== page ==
Over the course of the summer, I’ve been running a feature on the blog, where characters from other authors have stopped by for a visit. This has been a very popular experiment. It’s my intention to continue it, mixing in some of my own players along the way.
Recently my old buddy Donald Levin had a post on Facebook, asking which Hollywood actor would be best to play his Martin Preuss character if it ever became a movie. There were a number of entries, some of which I must admit to having no idea who they were.
It’s not uncommon to picture a professional actor in the roles as I’m reading and writing stories. But that got me wondering, who would star in my novels. So this week, I'm casting the actors to star in the Jamie Richmond series.
Hilarie Burton, who I first discovered as a recurring character in the series “White Collar” would be a perfect Jamie Richmond.
Diane Lane could easily be her mother, Vera.
Olivia Wilde could star as Linda Davis, her best friend.
Will Patton as Jamie’s step-father Bert.
Colin Ferguson would be a good pick for Malone.
There are many other players in each series. But you get the idea. I’m open to suggestions if you want to send them along. Next week, I'll share my choices for the Jefferson Chene series.
Casting my characters got me thinking about Linda Davis, who as Jamie’s best friend is first introduced in “Vanishing Act”. Here’s the scene when she makes her first appearance.
It was the day after Christmas when my cell phone rang. I flipped it open without even a glimpse at the screen. “No refunds, no exchanges,” I said.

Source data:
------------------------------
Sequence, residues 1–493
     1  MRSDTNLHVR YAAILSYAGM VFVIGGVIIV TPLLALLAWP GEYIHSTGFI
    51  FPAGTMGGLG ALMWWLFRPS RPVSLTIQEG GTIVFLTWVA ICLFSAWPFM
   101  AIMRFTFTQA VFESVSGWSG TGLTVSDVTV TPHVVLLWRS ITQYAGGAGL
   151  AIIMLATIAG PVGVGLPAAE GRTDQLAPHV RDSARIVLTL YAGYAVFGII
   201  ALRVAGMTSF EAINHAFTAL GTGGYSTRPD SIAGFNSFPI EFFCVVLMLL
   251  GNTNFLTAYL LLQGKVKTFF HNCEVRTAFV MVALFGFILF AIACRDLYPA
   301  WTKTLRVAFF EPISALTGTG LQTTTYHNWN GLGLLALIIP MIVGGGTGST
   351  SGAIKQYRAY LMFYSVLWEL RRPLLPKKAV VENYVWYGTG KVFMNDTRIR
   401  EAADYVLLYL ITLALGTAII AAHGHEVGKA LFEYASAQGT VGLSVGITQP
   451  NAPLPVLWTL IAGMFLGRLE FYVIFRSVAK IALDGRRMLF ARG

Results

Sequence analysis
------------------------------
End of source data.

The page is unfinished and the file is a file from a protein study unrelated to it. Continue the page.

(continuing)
“Jay Kay, where the hell are you?” a sultry voice demanded.
“I’m standing here in your apartment building, freezing my cute little ass off. And your door is locked. You never ever lock your door.”
“When did you get back in town?”
“Two hours ago. Logan and I couldn’t wait to see you. So where are you?”
I gave her directions to the new place. Linda was on her way.
Someone far smarter than me once told me that if we’re lucky, we’ll get to have one true friend who will always be with us, no matter what’s going on in our lives. They may not be in attendance each day, and there may be months when you don’t speak or get to see them face to face, but deep down you know they will always be there for you. And you’ll be there for them. Turns out, I found my true friend when I was six years old.
Linda and I met in the first grade and we became inseparable. A teacher once remarked that we were ‘twin daughters of different mothers’. I honestly had no idea what she meant. It was years before I took it as a compliment. Linda and I bonded. We cried on each other’s shoulders. We flirted with the same boys, all through elementary school, high school, and college. I was her maid of honor when she tied the knot, and the first person she called when she was getting divorced. We never bothered with pinkie swearing, a blood oath, or the spit-in-your-palm-before-the-handshake routine. We didn’t need it. We just knew.
As I ran from room to room doing a quick clean up from the sexual romps Malone and I had enjoyed before he went to work his shift at the State Police post, I realized Linda and I had a lot of catching up to do. On my way past the bathroom, I grabbed a damp bath towel.